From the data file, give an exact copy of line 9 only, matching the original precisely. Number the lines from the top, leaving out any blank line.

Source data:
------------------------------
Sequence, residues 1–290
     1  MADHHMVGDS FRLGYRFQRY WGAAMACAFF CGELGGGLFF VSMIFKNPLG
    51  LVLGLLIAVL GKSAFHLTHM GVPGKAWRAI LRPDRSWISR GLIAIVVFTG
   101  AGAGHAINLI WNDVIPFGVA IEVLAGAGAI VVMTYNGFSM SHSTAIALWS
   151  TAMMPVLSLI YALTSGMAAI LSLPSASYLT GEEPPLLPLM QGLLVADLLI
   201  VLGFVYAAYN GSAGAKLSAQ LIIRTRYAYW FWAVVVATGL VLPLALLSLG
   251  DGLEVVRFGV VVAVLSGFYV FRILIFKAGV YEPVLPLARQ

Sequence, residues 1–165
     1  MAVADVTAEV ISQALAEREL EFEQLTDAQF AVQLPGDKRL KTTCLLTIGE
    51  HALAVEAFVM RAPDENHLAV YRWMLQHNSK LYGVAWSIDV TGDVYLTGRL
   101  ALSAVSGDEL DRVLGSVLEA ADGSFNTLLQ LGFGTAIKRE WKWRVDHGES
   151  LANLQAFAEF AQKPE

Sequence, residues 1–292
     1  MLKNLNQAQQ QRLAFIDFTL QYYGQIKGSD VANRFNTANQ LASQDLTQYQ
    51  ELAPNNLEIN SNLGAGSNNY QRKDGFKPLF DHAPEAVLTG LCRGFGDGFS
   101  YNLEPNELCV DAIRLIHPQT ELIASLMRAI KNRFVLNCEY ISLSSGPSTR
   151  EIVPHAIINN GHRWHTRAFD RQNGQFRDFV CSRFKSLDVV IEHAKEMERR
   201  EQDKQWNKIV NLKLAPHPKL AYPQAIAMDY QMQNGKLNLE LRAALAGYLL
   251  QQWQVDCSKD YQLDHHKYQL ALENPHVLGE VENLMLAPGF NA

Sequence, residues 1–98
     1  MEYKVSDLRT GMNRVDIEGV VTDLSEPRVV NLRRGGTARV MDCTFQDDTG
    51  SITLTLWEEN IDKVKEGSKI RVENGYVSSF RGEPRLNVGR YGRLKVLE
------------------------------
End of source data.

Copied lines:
     1  MAVADVTAEV ISQALAEREL EFEQLTDAQF AVQLPGDKRL KTTCLLTIGE